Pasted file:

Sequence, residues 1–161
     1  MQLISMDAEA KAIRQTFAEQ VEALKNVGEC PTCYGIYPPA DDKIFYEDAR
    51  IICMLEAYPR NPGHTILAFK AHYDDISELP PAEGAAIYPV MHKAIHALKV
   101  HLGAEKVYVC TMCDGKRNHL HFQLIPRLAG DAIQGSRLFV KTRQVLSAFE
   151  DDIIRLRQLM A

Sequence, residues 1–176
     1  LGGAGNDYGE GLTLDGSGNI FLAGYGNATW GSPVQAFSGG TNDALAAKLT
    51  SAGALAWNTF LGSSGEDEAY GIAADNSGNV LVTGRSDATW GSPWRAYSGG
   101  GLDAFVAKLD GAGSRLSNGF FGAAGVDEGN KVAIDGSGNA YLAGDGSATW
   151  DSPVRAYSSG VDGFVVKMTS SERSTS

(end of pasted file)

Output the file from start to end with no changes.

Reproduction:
Sequence, residues 1–161
     1  MQLISMDAEA KAIRQTFAEQ VEALKNVGEC PTCYGIYPPA DDKIFYEDAR
    51  IICMLEAYPR NPGHTILAFK AHYDDISELP PAEGAAIYPV MHKAIHALKV
   101  HLGAEKVYVC TMCDGKRNHL HFQLIPRLAG DAIQGSRLFV KTRQVLSAFE
   151  DDIIRLRQLM A

Sequence, residues 1–176
     1  LGGAGNDYGE GLTLDGSGNI FLAGYGNATW GSPVQAFSGG TNDALAAKLT
    51  SAGALAWNTF LGSSGEDEAY GIAADNSGNV LVTGRSDATW GSPWRAYSGG
   101  GLDAFVAKLD GAGSRLSNGF FGAAGVDEGN KVAIDGSGNA YLAGDGSATW
   151  DSPVRAYSSG VDGFVVKMTS SERSTS